OPINION: Is it time to invent a new Christmas dinner? (But not in a tin!)

Andy Newman has fallen in love with tiramisu after a recent trip to Italy

Andy Newman has fallen in love with tiramisu after a recent trip to Italy - Credit: Getty Images

Regular readers of this column will know by now that I am more of a ‘live to eat’ than an ‘eat to live’ kind of person. Food plays a huge part in my life, arguably to an obsessive degree.

Certainly when I go on holiday, one of the first considerations in choosing a destination is what the food is going to be like (and the wine, of course).

And one of the joys of travelling for me is discovering the local cuisine, which even when you think you know it, will always surprise you.

Last week I took my first post-pandemic holiday abroad, a wonderful three days in Venice, which is one of my favourite places on the planet.

If you consult the self-appointed ‘experts’ online, you could be forgiven for thinking that the city is something of a foodie desert, full of tourist rip-off restaurants serving overpriced pizza to gullible travellers.

Certainly such places exist, but so they do anywhere which attracts visitors.

It’s easy enough to ignore them – my rule of thumb is that if there are pictures of the dishes posted outside, or an over-enthusiastic waiter trying to hustle you inside, it’s somewhere to be avoided.

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Actually, if you follow the locals – always a good rule of thumb if you want to find the best food in any location – you will find top-quality (if not necessarily Michelin-starred) food at reasonable prices.

And although it’s the fish which is the star in a city which is all about water, my biggest surprise was rediscovering a dish which we all think we know: tiramisu.

This mix of coffee-soaked sponge, eggs, sugar, mascarpone, Marsala and cocoa powder is so well-known that most people – myself included – assume that it has been a part of Italian cuisine for centuries. So I was shocked to read that the man who invented it died this week, aged 93.

Ado Campeol came up with the delicious pudding by accident in 1969. Attempting to make vanilla ice cream, he inadvertently dropped some mascarpone into a bowl of eggs yolks and sugar, and liked the result.

With some further fettling, including the addition of Marsala wine, tiramisu (which translates roughly as ‘pick-me-up’) was born.

You think of Italian food as being mainly traditional, but tiramisu is not the only foodstuff from that country which turns out to be a recent invention.

Ciabatta, now a bread we automatically connect with the land of pasta, is actually younger than tiramisu; it was invented (like tiramisu, in the Venice region of northern Italy) in 1982, as a riposte to the popularity of the baguette, which was threatening to edge out Italian loaves altogether.

I wonder what British food inventions the rest of the world will be celebrating in three of four decades’ time? Almost certainly not a product which has been launched this week by Heinz: Christmas Dinner soup.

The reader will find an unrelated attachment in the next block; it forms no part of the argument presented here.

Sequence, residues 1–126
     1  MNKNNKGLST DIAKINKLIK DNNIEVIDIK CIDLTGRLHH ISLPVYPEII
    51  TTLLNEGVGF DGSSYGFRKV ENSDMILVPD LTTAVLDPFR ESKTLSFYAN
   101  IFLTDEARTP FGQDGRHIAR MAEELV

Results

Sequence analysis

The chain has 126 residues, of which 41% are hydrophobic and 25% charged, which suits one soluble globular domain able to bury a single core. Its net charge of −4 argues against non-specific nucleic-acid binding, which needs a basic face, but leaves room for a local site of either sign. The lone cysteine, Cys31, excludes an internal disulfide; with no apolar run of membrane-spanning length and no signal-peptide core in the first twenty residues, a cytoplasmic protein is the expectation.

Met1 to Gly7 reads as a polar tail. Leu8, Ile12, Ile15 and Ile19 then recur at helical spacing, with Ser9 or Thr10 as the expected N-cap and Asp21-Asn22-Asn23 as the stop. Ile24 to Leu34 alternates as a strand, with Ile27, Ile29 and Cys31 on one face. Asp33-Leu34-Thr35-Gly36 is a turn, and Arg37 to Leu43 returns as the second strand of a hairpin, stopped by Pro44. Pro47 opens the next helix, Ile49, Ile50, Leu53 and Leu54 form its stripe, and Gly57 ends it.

Believe it or not, it’s everything you expect from arguably the most important meal of the year in a tin: chunks of turkey, pigs in blankets, stuffing balls, potatoes and even Brussels sprouts, in a cranberry and gravy sauce.

I know that we are facing a chronic shortage of turkeys this Christmas, but have we really sunk so low that we think opening a tin on the big day and lazily warming up this awful concoction in a saucepan is a proper substitute for Christmas dinner?

I realise people stress about getting the festive meal right, but that is for a good reason: it is the one time in the year when everybody sits down together at the table and eats a communal meal. Surely the laziest cook can spare the time and effort to do it properly, even if the rest of the year is a festival of convenience foods, takeaways and junk food.

If there is one time of the year when you want to demonstrate your love for your nearest and dearest through the medium of food, it’s at Christmas.

I can’t imagine too many people would still be full of the festive spirit if they were served up a tinned soup for their festive dinner, even if it did contain soggy pigs in blankets and Brussels sprouts.

Given the looming turkey shortage, maybe it’s time to take a leaf out of the late Ado Campeol’s book, and invent something completely new to serve up on December 25. It surely can’t be that difficult to come up with something more appealing than the dreadful Heinz gimmick.

Let me have your suggestions via Twitter (@andynewmanpr) or via the comments section below the online version of this article, and I will share the best of them in this column before the big day.

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